A glass of red wine may pair well with a turkey dinner, but drinking even a small amount can cause headaches in some people. The dreaded “red wine headache” can occur between 30 minutes to three hours after consuming as little as a small glass’ worth. In a study published November 20 in the journal Scientific Reports, a team from the University of California, Davis and the University of California, San Francisco reports that they may have found the culprit.
Questioning the quercetin
The team believes that a flavanol found naturally in red wines can interfere with the body’s usual metabolism of alcohol, which may lead to a headache. This flavanol is called quercetin and it is found in multiple types of fruits and vegetables, including grapes. Quercetin is considered a healthy antioxidant and can even be taken as a supplement, but it can become a problem when metabolized alongside alcohol.
“When it gets in your bloodstream, your body converts it to a different form called quercetin glucuronide,” study co-author and UC Davis wine chemist Andrew Waterhouse said in a statement. “In that form, it blocks the metabolism of alcohol.”
The end result is an accumulation of a toxin called acetaldehyde.
“Acetaldehyde is a well-known toxin, irritant and inflammatory substance,” study co-author and UC Davis microbiologist Apramita Devi said in a statement. “Researchers know that high levels of acetaldehyde can cause facial flushing, headache and nausea.”
A medication called disulfiram that is prescribed to patients to help treat alcohol dependence to discourage drinking is known to cause these same symptoms if alcohol is consumed. Disulfiram also makes acetaldehyde from drinking alcohol build up when an enzyme in the body would usually break it down. Roughly 40 percent of the East Asian population also has alcohol metabolizing enzymes that allows for acetaldehyde to build up in their system.
“We postulate that when susceptible people consume wine with even modest amounts of quercetin, they develop headaches, particularly if they have a preexisting migraine or another primary headache condition,” study co-author and University of California, San Francisco neurologist Morris Levin said in a statement. “We think we are finally on the right track toward explaining this millennia-old mystery. The next step is to test it scientifically on people who develop these headaches, so stay tuned.”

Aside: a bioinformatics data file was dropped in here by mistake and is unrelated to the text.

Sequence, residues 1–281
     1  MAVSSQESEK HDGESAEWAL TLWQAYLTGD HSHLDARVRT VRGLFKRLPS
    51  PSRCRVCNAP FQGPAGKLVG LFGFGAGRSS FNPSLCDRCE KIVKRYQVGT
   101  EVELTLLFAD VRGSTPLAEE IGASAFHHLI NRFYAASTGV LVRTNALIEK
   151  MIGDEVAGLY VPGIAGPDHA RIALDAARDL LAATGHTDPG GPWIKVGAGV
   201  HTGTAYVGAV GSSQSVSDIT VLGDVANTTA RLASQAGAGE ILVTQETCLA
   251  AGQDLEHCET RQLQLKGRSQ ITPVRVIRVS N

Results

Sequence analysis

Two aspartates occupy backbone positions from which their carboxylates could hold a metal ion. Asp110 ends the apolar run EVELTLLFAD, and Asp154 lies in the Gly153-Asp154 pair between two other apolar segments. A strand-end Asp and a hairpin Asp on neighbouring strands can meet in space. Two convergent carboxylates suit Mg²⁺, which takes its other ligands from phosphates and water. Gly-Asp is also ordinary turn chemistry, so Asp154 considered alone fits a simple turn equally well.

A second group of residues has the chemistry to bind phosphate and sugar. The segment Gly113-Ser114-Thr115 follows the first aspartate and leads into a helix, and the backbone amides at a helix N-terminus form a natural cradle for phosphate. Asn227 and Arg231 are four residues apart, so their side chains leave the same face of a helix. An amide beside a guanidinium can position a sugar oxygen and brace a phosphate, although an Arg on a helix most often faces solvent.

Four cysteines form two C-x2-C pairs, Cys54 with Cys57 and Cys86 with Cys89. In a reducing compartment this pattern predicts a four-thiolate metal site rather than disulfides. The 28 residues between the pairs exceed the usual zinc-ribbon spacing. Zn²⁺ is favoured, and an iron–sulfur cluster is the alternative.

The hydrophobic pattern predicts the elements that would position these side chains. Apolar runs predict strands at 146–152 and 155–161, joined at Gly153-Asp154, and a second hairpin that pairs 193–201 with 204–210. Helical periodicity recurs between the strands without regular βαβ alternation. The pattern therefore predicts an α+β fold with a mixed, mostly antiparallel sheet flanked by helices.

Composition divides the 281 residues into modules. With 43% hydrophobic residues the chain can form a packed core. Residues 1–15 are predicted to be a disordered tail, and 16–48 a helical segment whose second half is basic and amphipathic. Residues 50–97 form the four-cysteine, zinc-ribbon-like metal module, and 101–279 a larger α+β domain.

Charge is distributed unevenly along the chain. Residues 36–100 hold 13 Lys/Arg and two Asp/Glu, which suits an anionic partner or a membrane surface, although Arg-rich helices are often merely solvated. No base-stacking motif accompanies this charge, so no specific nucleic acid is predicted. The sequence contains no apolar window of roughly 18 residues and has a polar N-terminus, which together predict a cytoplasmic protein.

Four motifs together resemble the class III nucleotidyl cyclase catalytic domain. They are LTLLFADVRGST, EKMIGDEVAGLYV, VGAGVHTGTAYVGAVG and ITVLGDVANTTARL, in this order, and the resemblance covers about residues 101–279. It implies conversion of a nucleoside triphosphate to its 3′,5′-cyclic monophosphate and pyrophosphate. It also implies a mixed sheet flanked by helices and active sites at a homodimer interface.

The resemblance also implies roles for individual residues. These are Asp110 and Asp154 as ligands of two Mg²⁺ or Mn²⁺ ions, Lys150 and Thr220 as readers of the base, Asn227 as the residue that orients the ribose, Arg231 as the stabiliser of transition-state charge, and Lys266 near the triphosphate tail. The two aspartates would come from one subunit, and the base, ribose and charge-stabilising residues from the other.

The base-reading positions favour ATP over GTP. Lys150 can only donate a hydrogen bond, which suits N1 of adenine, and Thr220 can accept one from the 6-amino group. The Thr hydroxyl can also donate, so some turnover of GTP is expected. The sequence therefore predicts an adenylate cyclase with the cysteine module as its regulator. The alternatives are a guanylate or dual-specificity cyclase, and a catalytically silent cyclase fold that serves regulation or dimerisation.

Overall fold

Turn the lights down
According to the team, sunlight increases the headache-causing flavanol in the grapes grown to make wine.
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“If you grow grapes with the clusters exposed, such as they do in the Napa Valley for their cabernets, you get much higher levels of quercetin. In some cases, it can be four to five times higher,” said Waterhouse.
Levels of quercetin can differ depending on how the wine is made, including skin contact during fermentation, the fining processes, and even aging.
The study cautions that there are still many unknowns about the causes of red wine headaches. While we have a better understanding of the biological processes behind red wine headaches, it is still a mystery why some people remain more susceptible to them than others. The team is working on comparing red wines that have a lot of quercetin like shiraz with those that do not have as much to test their theory that quercetin is truly behind red wine headaches on people. They are also curious if the enzymes of people who get red wine headaches often are more easily inhibited by the flavanol or if this group is more easily affected by the buildup of the toxin acetaldehyde.
“If our hypothesis pans out, then we will have the tools to start addressing these important questions,” Waterhouse said.